President Barack Obama meets with Turkish Prime Minister Recep Tayyip Erdogan
U.S. President Barack Obama meets with Turkish Prime Minister Recep Tayyip Erdogan in June 2010. Photo by AP
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The United States on Monday denied reports it had given Turkey an ultimatum, threatening to scrap a huge arms deal unless the Muslim state toned down its hostile stance against Israel.

Earlier Monday the Financial Times reported that U.S. President Barack Obama had warned the Turkish Prime Minister Recep Tayyip Erdogan that strained ties with Israel and increasing support of Iran could hinder Washington's plan to ship arms, including sophisticated drones, to Turkey.

But the White House has rejected the claims.

"I really don't know where they would have divined that from," White House Deputy Press Secretary Bill Burton told reporters.

"The President and Erdogan did speak about 10 days ago and they talked about Iran and the flotilla and other issues related to that. But we obviously have an ongoing dialogue with them. But no such ultimatum was issued.There’s no ultimatum," he said.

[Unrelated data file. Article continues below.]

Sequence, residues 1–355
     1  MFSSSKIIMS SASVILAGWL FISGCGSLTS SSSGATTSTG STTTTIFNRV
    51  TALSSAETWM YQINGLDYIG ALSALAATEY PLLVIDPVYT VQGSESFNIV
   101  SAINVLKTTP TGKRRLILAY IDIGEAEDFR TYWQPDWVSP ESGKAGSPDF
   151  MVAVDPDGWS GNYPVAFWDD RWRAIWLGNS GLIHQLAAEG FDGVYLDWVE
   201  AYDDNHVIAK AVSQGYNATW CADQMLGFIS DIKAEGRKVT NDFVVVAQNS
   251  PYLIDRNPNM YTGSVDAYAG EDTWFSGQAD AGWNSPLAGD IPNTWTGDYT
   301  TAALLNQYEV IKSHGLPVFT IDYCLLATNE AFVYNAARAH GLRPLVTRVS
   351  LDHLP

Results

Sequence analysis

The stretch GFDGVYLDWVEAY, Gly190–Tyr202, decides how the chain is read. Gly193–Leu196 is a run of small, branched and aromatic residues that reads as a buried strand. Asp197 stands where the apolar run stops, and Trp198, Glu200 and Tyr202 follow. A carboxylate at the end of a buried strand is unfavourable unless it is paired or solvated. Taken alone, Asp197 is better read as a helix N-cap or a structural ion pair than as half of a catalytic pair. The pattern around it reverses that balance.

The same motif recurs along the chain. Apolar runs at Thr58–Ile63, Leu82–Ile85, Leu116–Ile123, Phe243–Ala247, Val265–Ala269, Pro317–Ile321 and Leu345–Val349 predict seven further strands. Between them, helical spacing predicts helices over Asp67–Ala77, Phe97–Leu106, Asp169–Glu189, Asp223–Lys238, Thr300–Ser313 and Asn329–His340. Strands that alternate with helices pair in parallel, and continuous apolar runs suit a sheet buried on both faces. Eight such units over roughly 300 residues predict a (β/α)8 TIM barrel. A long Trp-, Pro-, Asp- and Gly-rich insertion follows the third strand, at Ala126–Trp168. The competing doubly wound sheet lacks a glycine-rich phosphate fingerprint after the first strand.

Burton's comments apparently contradict those of a senior Obama administration official quoted by the FT.

“The president has said to [Recep Tayyip] Erdogan that some of the actions that Turkey has taken have caused questions to be raised on the Hill [Congress] . . . about whether we can have confidence in Turkey as an ally," the Londion paper quoted the official as saying.
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Relations between Israel and Turkey have been increasingly fractious since Israel's three-week invasion of Gaza a year and a half ago, reaching a low point in May when Israel killed nine Turkish activists in a raid on a Gaza-bound aid ship.

The attack led to the near severance of ties between Turkey and Israel, once close military allies, and Prime Minister Netanyahu has begun to search for other partners in the region, particularly Greece.